Note:  Do not rely on this information. It is very old.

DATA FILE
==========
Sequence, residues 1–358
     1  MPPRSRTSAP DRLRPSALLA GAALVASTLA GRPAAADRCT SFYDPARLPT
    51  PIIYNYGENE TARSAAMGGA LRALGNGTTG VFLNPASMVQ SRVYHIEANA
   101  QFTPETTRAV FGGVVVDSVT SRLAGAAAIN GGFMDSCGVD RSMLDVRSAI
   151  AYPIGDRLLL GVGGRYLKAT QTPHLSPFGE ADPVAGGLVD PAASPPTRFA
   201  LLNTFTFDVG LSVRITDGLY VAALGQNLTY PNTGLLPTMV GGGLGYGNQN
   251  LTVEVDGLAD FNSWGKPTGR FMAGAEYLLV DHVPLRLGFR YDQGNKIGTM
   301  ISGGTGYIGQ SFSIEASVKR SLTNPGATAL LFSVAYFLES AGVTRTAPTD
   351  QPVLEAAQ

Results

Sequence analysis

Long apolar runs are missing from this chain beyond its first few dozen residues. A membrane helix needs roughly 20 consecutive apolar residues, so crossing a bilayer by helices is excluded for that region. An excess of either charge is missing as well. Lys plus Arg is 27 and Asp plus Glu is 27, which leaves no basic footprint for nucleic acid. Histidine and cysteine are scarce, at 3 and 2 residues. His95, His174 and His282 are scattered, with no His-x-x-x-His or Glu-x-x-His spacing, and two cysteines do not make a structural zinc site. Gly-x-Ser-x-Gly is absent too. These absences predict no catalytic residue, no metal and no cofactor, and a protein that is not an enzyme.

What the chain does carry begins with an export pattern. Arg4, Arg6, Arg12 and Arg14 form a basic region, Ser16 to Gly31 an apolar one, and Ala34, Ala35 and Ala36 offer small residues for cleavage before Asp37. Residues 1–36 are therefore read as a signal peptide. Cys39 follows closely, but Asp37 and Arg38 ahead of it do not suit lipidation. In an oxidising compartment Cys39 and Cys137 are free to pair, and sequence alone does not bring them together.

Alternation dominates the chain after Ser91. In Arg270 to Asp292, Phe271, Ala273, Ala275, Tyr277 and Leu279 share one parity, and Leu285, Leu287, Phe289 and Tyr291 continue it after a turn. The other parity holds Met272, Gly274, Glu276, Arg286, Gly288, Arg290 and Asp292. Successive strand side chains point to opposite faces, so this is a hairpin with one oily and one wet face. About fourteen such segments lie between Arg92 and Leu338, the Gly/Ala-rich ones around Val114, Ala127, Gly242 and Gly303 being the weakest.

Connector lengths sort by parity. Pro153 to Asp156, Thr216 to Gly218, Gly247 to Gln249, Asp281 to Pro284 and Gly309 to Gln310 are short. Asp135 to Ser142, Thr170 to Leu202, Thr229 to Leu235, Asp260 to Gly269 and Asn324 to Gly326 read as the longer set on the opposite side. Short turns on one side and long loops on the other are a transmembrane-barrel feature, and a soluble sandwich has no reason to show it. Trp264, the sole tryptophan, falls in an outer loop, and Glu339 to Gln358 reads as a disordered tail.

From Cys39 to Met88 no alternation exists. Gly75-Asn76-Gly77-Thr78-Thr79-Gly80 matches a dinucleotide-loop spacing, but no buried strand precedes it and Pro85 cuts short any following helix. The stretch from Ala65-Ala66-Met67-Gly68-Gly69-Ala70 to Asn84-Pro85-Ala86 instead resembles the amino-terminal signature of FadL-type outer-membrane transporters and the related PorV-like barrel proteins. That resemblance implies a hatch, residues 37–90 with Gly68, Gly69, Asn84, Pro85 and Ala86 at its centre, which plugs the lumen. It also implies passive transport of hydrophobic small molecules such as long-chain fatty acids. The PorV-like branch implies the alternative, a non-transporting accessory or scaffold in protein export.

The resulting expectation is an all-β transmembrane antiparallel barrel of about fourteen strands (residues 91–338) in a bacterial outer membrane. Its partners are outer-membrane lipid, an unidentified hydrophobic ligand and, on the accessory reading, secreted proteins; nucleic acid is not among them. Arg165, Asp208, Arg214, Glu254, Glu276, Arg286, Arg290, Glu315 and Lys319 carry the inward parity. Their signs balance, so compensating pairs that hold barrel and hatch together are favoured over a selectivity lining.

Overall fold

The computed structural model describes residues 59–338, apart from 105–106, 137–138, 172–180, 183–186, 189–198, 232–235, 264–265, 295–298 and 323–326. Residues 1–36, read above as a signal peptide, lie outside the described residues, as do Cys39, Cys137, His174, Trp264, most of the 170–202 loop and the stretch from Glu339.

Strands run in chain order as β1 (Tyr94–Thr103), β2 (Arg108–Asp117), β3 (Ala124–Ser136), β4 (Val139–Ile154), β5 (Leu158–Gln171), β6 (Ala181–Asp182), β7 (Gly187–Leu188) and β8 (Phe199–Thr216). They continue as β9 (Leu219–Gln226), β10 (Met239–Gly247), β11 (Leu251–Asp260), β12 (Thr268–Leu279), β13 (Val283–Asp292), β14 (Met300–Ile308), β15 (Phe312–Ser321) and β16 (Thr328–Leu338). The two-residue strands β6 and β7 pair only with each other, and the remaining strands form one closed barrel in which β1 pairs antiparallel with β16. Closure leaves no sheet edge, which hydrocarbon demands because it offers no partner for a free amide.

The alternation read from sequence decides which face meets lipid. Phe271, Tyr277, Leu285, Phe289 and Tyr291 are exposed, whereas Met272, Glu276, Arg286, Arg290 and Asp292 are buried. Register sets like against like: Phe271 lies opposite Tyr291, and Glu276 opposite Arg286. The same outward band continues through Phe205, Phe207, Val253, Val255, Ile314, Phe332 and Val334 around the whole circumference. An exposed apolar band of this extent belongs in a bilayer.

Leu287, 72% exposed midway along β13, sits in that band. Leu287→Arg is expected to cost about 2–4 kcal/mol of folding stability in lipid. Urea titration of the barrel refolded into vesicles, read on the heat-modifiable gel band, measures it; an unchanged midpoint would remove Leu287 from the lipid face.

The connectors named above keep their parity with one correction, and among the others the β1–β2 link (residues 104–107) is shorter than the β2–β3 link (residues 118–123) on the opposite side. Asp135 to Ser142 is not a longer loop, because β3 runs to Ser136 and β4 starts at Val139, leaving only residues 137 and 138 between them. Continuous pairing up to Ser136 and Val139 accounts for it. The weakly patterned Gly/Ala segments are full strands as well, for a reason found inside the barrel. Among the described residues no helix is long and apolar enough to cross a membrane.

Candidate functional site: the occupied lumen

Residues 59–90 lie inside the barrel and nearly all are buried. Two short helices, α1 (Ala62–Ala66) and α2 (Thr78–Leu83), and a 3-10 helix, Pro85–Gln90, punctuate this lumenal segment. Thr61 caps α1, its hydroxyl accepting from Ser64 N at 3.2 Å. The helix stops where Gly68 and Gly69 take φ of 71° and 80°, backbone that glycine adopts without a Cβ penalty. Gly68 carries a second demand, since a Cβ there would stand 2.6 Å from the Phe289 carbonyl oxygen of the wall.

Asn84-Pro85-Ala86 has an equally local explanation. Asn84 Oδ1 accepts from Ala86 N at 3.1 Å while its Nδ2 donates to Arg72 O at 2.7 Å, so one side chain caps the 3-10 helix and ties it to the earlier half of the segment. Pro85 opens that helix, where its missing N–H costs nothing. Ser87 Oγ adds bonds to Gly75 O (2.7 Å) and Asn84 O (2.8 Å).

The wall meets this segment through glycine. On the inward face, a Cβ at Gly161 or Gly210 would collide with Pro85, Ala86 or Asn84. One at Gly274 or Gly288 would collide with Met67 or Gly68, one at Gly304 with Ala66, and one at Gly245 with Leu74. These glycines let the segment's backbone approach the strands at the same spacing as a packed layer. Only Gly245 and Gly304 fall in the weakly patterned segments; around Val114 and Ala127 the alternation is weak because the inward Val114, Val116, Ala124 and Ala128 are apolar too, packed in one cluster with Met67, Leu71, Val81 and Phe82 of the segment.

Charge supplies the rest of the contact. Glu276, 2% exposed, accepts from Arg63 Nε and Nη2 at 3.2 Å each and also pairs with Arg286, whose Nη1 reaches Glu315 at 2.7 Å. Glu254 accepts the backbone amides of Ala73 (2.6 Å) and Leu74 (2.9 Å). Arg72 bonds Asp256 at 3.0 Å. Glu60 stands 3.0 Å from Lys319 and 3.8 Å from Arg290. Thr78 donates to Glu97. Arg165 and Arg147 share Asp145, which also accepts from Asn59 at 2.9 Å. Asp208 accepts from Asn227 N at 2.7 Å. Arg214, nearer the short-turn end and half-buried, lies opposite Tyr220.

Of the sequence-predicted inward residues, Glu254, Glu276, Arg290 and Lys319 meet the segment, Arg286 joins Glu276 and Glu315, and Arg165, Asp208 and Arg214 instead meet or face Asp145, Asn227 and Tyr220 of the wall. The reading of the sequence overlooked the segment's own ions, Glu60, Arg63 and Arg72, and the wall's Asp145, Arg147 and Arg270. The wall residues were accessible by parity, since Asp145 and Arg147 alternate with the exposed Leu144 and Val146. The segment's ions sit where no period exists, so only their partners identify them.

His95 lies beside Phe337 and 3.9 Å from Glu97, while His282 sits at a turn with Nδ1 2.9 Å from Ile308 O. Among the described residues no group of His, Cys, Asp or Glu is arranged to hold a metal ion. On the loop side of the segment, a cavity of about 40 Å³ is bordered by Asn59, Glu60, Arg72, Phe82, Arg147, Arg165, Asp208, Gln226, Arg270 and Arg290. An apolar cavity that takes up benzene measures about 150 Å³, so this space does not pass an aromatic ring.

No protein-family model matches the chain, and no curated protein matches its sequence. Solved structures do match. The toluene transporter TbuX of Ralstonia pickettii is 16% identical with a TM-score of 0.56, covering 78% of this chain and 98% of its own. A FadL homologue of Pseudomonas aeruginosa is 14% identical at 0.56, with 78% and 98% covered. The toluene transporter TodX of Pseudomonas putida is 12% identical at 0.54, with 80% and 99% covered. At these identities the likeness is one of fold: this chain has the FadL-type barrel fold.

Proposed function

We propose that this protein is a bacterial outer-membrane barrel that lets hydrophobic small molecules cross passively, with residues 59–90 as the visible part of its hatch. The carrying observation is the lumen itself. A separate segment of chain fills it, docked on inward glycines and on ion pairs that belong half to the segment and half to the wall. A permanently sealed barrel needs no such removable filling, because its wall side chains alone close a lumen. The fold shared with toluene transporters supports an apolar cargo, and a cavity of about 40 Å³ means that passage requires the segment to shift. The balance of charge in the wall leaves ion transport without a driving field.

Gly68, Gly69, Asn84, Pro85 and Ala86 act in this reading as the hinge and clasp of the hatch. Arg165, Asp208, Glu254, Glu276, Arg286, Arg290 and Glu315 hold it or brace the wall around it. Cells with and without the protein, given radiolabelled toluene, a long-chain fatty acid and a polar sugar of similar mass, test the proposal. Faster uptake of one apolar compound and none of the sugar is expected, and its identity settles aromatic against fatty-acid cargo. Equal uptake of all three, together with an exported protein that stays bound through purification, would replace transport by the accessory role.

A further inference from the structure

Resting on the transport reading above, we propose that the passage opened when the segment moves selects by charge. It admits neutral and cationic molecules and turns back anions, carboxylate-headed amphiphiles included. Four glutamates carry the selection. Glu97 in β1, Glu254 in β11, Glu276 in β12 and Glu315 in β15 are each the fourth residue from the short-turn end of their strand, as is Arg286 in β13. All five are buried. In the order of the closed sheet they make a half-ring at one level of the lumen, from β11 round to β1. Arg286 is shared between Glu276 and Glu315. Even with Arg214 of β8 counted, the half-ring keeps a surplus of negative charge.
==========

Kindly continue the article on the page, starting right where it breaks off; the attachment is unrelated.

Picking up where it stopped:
Democritus was born of a wealthy family at Abdera, in Thrace, early in the fifth century B.C. He is said to have derived some speculative notions from Magi left behind by Xerxes, and also to have heard Anaxagoras and Leucippus. Having spent his patrimony in travel, he returned to his native land and delighted his compatriots by reading one of his treatises; but he refused to take any part in public affairs, led a roving, solitary life, and died at an advanced age about 387 B.C. We only know his views by tradition. He is supposed to have derived them from Leucippus, and Epicurus was much indebted to them. According to him, the universe, self-existent eternally in the future as in the past, was composed wholly of atoms suspended in space. All material and mental phenomena he traced to combinations and motions of these particles, which were governed by the law of necessity. Sensation, in his view, was caused by constant emanations from bodies (eidola), and the notion of the gods was derived merely from magnified impressions of the human figure. The supreme object of life he regarded as the attainment of a state of placid quiescence, which he termed euthumia. He seems also to have preached cosmopolitanism, and ridiculed Greek patriotism. From his tendency to ridicule the follies of mankind he earned the name of "The Laughing Philosopher." He is not mentioned by Greek contemporaries, but his influence on later thinkers was considerable. Lucretius borrowed from him through Epicurus, and Cicero speaks of his writings with admiration.